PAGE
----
Are you a picker? A mindless snacker? Picking mindlessly at food in the office and home is one of the top reasons for gaining weight even if you are active
When I meet clients for the first time, I have a chat and what I am trying to uncover is the reason/s they have gained weight. There is always an underlying reason. The most common one is stress. Stress can be due to a variety of things, relationships, finances, work etc.
I am constantly surprised by new clients who tell me they are not stressed. They typically tend to be quite driven individuals who appear to handle all aspects of their life very well. As our relationship develops it becomes very clear to me that are stressed but they don’t recognise it as stress. It is normal for them to feel this way.
Getting them to acknowledge it can take a long time. They tend to be ‘Copers’. They get on with things. They rarely complain but they wear their stress as excess body fat. They pick at food without being aware of it when they are stressed. Other people may grind their teeth, have angry outbursts, drink alcohol to excess but my clients pick.
Picking at foods does not satisfy you. It can leave you wanting more food. You might even end up feeling deprived because you cut back on your main meals to make up for the picking between meals.
Here is how you gain weight steadily…..
AT HOME: Kids leftovers at evening meal – end of a sausage, bite of a waffle, few spoons of baked beans, a few chips, few spoons of lasagne or spaghetti bolognese.
WITH FRIENDS: Corner of a scone……the teensiest bit of a brownie….just a nibble of a square of chocolate….a bite of my friend’s croissant…….
WITH PARTNER: A few chips off my partner’s plate….a few spoons of my partner’s dessert…..just a slither of a cake for the taste…..
AT WORK: a plain biscuit at a meeting, a small triangular sandwich left over after the meeting, a small handful of M&M’s from the office kitchen, a slither of carrot cake from the staff canteen, a finger of cake…..
Many impulsive and addictive behaviours involve anxiety.
GABA, a brain chemical, blocks stress and anxiety-related messages from reaching the message centres of the brain. GABA works the same way as Valium, and other tranquilizers and barbiturates but without the side-effects.
When you get anxious, worried, or stressed, your GABA levels drop as cortisol and adrenaline rise. So let’s look at food sources of the raw material that the body uses to make more GABA and at the same time, try to become more aware of how you respond to stressors.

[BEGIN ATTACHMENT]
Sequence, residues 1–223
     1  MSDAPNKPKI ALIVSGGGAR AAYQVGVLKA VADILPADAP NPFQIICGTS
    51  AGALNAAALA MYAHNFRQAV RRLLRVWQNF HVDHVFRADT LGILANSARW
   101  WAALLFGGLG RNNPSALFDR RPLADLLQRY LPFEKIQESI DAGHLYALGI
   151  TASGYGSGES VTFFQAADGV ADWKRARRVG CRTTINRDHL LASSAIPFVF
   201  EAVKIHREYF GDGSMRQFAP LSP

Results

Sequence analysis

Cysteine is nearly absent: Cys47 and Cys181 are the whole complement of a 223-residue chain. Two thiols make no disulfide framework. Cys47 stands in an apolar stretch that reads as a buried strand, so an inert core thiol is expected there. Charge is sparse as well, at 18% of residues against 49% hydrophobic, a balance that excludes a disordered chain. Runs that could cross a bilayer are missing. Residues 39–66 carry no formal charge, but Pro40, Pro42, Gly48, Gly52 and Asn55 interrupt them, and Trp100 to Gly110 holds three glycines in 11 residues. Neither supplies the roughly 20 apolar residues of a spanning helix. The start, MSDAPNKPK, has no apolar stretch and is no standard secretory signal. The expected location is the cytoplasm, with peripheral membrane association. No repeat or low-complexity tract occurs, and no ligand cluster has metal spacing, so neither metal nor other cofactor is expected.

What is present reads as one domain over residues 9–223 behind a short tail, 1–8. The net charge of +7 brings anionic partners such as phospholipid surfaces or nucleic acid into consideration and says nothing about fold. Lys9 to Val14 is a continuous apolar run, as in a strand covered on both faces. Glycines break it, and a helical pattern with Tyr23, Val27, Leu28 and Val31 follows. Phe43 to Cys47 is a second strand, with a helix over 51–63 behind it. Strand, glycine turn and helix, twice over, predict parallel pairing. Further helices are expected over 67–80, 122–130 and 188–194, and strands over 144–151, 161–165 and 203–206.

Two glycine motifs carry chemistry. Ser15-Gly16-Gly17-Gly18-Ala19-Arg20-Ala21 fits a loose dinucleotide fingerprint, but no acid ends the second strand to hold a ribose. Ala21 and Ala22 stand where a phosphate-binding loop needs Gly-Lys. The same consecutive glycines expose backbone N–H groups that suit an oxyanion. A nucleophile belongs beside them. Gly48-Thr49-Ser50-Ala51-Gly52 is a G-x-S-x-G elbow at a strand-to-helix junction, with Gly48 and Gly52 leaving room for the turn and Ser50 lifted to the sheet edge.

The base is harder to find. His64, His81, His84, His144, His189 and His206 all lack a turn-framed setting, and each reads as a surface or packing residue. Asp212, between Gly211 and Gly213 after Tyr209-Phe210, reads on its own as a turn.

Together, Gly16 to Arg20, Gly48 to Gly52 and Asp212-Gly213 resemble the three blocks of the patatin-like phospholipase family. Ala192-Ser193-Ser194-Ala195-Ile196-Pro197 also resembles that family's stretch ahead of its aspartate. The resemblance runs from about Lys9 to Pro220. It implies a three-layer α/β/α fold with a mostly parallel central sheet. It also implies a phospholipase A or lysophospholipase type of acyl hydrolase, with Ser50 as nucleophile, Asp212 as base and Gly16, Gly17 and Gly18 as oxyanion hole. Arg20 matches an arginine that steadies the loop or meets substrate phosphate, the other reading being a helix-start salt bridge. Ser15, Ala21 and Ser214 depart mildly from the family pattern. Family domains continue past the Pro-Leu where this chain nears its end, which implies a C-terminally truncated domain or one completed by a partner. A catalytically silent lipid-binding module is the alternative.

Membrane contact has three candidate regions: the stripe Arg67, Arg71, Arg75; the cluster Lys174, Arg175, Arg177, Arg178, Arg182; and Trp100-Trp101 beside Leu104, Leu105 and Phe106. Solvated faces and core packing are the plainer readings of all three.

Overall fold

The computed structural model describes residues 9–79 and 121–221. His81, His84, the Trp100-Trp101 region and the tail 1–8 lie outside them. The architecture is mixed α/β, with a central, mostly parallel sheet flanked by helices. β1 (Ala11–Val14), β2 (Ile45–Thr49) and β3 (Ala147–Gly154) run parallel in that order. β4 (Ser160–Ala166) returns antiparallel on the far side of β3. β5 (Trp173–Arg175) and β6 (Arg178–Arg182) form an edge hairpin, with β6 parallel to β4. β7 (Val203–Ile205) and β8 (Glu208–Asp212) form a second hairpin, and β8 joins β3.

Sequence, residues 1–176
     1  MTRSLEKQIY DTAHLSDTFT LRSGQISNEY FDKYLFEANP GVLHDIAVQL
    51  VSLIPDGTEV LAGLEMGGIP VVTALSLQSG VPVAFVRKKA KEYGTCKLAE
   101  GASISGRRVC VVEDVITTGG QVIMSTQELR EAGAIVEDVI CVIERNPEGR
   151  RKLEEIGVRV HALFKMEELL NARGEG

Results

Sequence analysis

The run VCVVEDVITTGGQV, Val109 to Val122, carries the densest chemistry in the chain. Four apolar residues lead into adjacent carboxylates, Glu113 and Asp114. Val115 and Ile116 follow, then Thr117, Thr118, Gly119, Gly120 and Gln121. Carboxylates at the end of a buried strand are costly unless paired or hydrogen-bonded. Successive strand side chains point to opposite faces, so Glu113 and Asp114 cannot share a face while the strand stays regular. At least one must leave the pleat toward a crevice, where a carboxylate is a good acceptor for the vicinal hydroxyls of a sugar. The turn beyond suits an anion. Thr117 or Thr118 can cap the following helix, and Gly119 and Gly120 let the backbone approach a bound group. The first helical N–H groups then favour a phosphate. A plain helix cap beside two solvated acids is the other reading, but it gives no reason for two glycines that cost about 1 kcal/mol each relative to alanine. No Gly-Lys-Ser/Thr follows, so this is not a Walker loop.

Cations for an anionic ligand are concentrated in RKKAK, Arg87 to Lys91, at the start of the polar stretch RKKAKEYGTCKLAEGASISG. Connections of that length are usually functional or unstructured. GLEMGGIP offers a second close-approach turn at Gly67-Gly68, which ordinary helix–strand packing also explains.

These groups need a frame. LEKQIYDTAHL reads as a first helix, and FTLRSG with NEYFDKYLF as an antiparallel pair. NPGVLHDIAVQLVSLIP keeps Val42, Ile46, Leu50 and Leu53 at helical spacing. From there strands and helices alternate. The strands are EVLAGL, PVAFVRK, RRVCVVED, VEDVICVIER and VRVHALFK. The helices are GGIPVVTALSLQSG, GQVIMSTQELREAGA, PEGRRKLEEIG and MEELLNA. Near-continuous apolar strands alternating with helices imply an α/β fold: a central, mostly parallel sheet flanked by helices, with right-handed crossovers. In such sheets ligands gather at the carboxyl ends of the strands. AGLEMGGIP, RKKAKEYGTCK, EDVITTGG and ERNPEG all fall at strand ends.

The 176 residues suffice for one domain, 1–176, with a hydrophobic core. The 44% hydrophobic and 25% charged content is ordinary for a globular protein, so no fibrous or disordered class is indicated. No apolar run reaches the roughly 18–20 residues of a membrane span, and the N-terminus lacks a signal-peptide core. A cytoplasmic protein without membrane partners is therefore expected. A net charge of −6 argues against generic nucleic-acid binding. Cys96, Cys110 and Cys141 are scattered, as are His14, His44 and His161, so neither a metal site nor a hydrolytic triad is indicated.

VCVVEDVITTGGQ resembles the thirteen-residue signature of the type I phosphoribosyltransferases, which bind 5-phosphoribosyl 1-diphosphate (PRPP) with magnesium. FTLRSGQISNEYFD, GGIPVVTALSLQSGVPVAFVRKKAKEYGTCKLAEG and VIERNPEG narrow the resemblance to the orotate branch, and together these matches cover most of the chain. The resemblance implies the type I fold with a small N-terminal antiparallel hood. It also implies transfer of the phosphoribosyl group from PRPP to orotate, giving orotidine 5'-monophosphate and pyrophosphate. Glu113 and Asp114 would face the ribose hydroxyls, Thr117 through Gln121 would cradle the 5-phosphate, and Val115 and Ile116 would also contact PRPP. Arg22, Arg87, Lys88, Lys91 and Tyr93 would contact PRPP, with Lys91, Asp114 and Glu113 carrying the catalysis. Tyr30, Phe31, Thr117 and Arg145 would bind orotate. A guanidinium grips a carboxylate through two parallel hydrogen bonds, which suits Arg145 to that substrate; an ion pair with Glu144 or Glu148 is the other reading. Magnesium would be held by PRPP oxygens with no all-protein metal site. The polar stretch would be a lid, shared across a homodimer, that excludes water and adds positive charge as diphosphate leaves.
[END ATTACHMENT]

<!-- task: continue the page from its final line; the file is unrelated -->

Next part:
Food Sources of GABA
Glutamic Acid (GA) is found abundantly in all protein foods – Meat, Poultry, Fish, Eggs and Dairy. A boiled egg is a portable snack for work.
B6 and Manganese increase the amount of GABA.
B6 – Best sources -Fish, poultry, beef, sunflower seeds, spinach, sweet potato, banana. Toasted sunflower seeds are a great snack to have by your desk.
Manganese –Best sources – pineapple, oats, brown rice, chickpeas, pumpkin seeds, rye.
I am not going to recommend replacement snacks, I am just going to ask that you become aware of ‘picking’ and stop. Become aware of how you react to stress.
Eat well at meal times. Avoid bring rubbish snacks into the homes as they are not good for kids or adults. If the office place is unhealthy, bring in your healthy options.
If you are very stressed, you will burn through more nutrients than usual, especially B vitamins and magnesium. For these stressful times, I recommend short-term supplementation of a B Complex and Magnesium Citrate/Malate.
Stress can be emotional, (divorce, business failure, deadlines to meet on projects) physical (muscular ache, hard physical work, lack of sleep, many hours spent at a desk to meet a work deadline), chemical (hormonal imbalance e.g. perimenopause or depression).
Recognise the signs of stress. Notice how you tense your muscles, tighten your jaw, breath more rapidly and the breaths become shallow not going down into your belly. Your belly might flutter, tighten and your bowel movements may alter. Your heart beat may quicken, check your sports watch. Your mind may race more when you try to sleep at night or you may wake up sharply with a racing mind.
When you feel yourself getting stressed, stand up and move. Take a short break. Get fresh air if possible. Take deep slow breaths. Monitor your pulse until it slows. Take your mind to happy thoughts, something that is coming up that you are looking forward to. Try to soften your face and smile. Just notice how your muscles will begin to relax. This will adjust your internal hormones as you are signalling to them to ‘Chill out’.
Sometimes a stressor can be prolonged. In these cases consider taking up a practice such as yoga or meditation alongside your normal exercise. Meditation or Yin yoga before bedtime is very effective.
Supplementing Amino Acids
As GA is so plentiful in food, one could ask why there is a need to supplement this amino acid if you are eating a good diet. One has to be very careful supplementing amino acids as we all have a very different neurochemical balance. If a person is predisposed to anxiety, adding in more supplemental L-glutamine may add to anxiety levels. For example the amino acid Aspartic acid (aspartame) in diet coke, can trigger a migraine in susceptible people.
L-Glutamine is the supplement used by nutritionist to help with glucose metabolism and cravings. Dr Eric Braverman suggests GABA has the most therapeutic potential to reduce appetite. I suggest trying it and see how you get on.